By Mike Colias
Moody's Investors Service cut Ford Motor Co.'s bond rating to junk status, citing weak cash generation and a yearslong restructuring plan that the auto maker is undertaking just as the car market softens globally.
The ratings company on Monday cut Ford's rating one notch to Ba1 from Baa3. Moody's said Ford's cash flow and operating-profit margins have fallen below the its forecasts and noted the auto maker's sharply weaker performance in China, where Ford's sales have plummeted over the last two years, leading to sharp losses.
Still, Moody's said Ford has "a sound balance sheet and liquidity position from which to operate." That is in contrast to the last time Ford's investment rating was under pressure, in the mid-2000s, when Ford was running out of cash. The auto maker had $22.1 billion in cash as of June 30, according to a regulatory filing.
The ratings cut could increase borrowing costs and hurt profit particularly at Ford's lending arm, Ford Motor Credit, which routinely taps debt markets, analysts have said. It also will ramp up pressure on Ford Chief Executive Jim Hackett to boost results from the restructuring and a broader clampdown on costs.
"Ford remains very confident in our plan and progress," Ford said. "As Moody's notes, we are already addressing two of its primary concerns: operating inefficiency and our China business."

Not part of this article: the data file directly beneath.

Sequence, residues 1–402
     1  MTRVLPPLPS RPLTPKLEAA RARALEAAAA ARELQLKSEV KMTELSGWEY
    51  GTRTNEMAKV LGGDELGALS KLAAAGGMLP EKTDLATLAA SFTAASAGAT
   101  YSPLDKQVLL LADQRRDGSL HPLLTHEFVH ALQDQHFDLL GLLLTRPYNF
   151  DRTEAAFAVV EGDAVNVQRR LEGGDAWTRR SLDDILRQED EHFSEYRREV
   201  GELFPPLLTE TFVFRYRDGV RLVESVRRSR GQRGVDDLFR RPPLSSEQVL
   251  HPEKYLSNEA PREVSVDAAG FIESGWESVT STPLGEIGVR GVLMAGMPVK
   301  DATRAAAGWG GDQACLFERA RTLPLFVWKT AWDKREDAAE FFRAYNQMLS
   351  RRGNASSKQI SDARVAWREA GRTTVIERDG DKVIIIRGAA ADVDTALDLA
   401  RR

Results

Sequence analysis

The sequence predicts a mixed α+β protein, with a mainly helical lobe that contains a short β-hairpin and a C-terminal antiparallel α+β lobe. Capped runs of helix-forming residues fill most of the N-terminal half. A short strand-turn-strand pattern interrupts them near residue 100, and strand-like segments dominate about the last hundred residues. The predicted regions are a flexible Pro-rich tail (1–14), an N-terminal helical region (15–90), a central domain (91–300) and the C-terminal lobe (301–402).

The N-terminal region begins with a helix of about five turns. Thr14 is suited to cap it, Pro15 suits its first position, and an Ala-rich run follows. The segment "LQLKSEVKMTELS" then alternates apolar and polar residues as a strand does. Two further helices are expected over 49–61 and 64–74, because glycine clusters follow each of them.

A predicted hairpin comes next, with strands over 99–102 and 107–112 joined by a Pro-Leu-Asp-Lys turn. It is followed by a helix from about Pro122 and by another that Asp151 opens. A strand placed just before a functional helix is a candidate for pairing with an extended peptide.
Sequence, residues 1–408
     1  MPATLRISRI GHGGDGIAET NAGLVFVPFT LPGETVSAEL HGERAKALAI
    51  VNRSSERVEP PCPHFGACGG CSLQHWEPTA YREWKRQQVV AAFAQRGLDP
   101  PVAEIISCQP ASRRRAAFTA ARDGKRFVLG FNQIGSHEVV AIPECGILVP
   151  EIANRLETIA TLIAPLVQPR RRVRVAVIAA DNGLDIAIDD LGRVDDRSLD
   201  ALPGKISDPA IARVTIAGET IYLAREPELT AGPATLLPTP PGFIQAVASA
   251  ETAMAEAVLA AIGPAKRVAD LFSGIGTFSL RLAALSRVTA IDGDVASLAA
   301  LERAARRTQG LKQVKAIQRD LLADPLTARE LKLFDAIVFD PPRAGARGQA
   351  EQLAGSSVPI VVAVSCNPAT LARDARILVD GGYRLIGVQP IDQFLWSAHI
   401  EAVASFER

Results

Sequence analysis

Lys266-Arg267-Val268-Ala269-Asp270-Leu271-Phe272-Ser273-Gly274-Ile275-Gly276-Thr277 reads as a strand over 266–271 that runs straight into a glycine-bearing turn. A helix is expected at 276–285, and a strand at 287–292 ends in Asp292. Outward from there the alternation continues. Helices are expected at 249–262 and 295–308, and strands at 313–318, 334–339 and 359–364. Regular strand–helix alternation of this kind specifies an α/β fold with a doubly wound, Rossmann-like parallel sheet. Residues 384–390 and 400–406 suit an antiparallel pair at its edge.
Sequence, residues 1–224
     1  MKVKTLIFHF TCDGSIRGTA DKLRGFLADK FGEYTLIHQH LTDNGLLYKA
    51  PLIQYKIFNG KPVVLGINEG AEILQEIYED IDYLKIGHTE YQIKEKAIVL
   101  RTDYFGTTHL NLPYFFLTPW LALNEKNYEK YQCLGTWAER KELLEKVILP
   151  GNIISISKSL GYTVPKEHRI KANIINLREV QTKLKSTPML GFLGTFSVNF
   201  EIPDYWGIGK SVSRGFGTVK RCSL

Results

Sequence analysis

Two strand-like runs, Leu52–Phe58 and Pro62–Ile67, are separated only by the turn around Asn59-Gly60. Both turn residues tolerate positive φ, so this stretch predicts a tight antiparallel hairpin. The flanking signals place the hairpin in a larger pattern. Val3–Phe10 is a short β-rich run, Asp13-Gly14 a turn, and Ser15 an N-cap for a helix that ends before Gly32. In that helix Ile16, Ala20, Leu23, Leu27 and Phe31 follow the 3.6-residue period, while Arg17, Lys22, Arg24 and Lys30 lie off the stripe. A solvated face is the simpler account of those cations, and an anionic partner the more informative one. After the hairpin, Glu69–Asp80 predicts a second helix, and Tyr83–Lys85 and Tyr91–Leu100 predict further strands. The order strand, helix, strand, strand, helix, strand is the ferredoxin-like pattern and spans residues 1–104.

Ford has said it was slow to adapt to evolving trends in the China market and allowed its vehicle lineup there to become stale. It has promised an influx of new and redesigned models in a bid to turn around its China business, which lost $1.5 billion last year after years of profit. Losses eased in the first half of this year.
The extra yield, or spread, that investors demand to hold Ford bonds ticked higher after the downgrade. The spread on the company's 5.113% notes due in 2029 traded late Monday at 3.27 percentage points, up from 3.16 percentage points before the downgrade, according to MarketAxess.
The downgrade importantly doesn't mean Ford bonds will drop out of the Bloomberg Barclays investment-grade corporate-bond index. Bonds remain in that index as long as they are rated investment grade by two out of the three major ratings companies, and both S&P Global Ratings and Fitch Ratings both still rate Ford two notches above junk territory.
Ford last year disclosed plans for an $11 billion restructuring that it said would last as long as five years. The effort began in earnest in the first half of this year, as Ford outlined plans to close plants and cut thousands of factory workers in Europe and South America, where the bulk of the restructuring will occur.
The company has said it would refocus its operations in those markets to concentrate on more profitable business lines, such as commercial vans. In May, Ford also said it would cut thousands of salaried workers as part of a "global redesign" that Mr. Hackett has said would make the company more nimble and faster to respond to new technologies disrupting the industry, such as electric and self-driving cars.
Moody's said Ford has a good record of overhauling operations. "Nevertheless, the scope of this restructuring plan is unprecedentedly large and challenging," it said.
--Sam Goldfarb contributed to this article.
Write to Mike Colias at Mike.Colias@wsj.com